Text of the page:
Exploring the relationship between client money claims and creditor claims

Restructuring & Insolvency analysis: Does a distribution of client money reduce the amount a creditor can claim? Can a shortfall in a client money claim constitute a provable debt?       

Original news: Heis (as joint administrators) of MF Global UK Ltd v Attestor Value Master Fund LP (as representatives) Re MF Global UK Ltd (in special administration) [2013] EWHC 2556 (Ch), [2013] All ER (D) 152 (Aug)

The Companies Court decided that, among other things, following the insolvency of an investment firm, distribution from the client money pool would reduce a client’s contractual claim, and hence the amount for which it might prove, just as a payment from client money before a primary pooling event (PPE) reduced or discharged the client’s contractual claim.

What are the key points of this case?

This latest case arising from the special administration of MF Global looks at the relationship between a client’s claim to client money and its claim as creditor. The main issues were:

• does a distribution of client money reduce the amount a creditor can claim?

• can a shortfall in a client money claim constitute a provable debt?

• if so, what principles govern the amount and does the rule against double proof apply?

Richards J decided that:

• in principle, one client can have parallel claims (ie a client money claim and a claim as creditor), but distributions from a client money pool (CMP) will reduce the contractual claim

• the claimant can claim for a shortfall in client money, but only if that shortfall was due to the debtor’s fault (as here)

• the rule against double proof doesn’t apply here

Why is the difference between client money and creditor claims important?

The same transaction may create both a:

• proprietary claim (as beneficiaries of a trust) to client money, and

• personal claim (as a creditor) to a firm’s assets after filing a proof of debt

Clients were invited by the administrators to submit a single document containing a claim against the CMP and against the general estate. A successful proprietary claim means the assets in question never form part of the assets of the debtor (see Proprietary claims). Usually this is preferable to a personal claim as creditor (which just ranks as an unsecured claim fairly low down in the waterfall of payments). However, in this case, the anticipated recoveries (or dividends) for unsecured creditors was unusually high:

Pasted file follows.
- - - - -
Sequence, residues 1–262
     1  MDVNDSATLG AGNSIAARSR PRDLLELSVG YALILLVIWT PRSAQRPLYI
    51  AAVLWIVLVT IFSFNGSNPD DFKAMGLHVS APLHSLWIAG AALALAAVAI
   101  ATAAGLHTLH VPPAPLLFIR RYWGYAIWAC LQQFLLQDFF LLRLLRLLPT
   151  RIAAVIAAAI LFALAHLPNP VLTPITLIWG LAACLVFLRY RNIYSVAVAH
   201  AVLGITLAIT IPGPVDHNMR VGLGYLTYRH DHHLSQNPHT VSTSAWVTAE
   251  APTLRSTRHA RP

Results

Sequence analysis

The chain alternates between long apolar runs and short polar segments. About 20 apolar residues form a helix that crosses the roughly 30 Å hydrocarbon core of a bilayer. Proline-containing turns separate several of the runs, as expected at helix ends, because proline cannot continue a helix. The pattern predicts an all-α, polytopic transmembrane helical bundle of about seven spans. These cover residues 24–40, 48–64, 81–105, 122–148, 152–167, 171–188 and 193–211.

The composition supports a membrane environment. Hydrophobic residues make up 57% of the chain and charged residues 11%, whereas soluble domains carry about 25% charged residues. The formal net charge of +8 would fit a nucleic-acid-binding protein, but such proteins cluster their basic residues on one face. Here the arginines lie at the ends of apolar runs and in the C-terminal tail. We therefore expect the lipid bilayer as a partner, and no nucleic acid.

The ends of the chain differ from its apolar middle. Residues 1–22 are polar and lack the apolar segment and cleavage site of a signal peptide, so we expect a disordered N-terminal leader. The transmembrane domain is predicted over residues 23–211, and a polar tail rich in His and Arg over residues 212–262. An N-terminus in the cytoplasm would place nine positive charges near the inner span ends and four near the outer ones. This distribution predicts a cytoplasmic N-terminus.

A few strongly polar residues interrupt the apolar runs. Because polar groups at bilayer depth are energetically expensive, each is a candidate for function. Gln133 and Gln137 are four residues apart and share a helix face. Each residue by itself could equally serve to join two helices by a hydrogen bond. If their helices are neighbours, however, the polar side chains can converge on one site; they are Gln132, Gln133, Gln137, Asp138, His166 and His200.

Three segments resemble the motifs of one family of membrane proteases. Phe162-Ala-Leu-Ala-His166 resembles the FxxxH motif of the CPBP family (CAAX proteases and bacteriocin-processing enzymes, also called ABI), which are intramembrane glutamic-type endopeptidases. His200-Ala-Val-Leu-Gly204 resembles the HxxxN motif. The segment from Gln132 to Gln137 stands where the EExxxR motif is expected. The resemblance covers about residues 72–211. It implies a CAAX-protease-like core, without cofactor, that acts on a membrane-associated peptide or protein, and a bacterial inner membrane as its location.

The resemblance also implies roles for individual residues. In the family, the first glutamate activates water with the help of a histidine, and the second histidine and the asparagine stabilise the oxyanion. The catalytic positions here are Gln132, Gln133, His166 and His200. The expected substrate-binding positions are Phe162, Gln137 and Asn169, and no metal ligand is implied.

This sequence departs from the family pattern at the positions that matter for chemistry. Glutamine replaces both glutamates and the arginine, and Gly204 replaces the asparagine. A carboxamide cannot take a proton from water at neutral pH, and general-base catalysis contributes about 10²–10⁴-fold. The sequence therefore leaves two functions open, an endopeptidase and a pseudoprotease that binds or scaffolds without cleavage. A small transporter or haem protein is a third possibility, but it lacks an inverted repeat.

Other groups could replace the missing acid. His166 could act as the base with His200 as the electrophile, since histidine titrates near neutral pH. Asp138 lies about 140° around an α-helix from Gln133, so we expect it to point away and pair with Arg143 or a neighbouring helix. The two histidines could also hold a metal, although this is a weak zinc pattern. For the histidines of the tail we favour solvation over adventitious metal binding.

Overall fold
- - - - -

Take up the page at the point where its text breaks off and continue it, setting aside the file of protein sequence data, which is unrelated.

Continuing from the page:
• unsecured creditors: 93%–100% expected dividend

• client money claimants: 62%–86% expected dividend

The different classification of claims was also important as different valuation rules applied for open contracts depending on whether they were:

• client money claims—contracts closed out at the commencement of liquidation/administration (ie the trigger date for client money distribution rules)

• creditors’ claims—notionally valued at the commencement of liquidation/administration, but then subject to the hindsight rule to take account of the actual subsequent close out value (see Entitlement and the ‘hindsight principle’)

Therefore the same transaction may give rise to different amounts claimed as client money or creditor, depending on price movements.

When are the client money distribution rules triggered under the Financial Services Authority’s (FSA) Client Assets Sourcebook 7 and 7A (CASS)?

Because of the timing of the events, the former FSA Client Asset Rules are the relevant provisions. The client money distribution rules contained in FSA CASS 7 and 7A are triggered on certain events (eg administration/liquidation) and constitute a primary pooling event (PPE). At this point, all client money held in each individual client money account is pooled to create a CMP. These moneys are then distributed according to the claimant’s individual client money entitlement (see Lehmans—client money issues) on the basis of the amount the firm should have segregated rather than it actually segregated.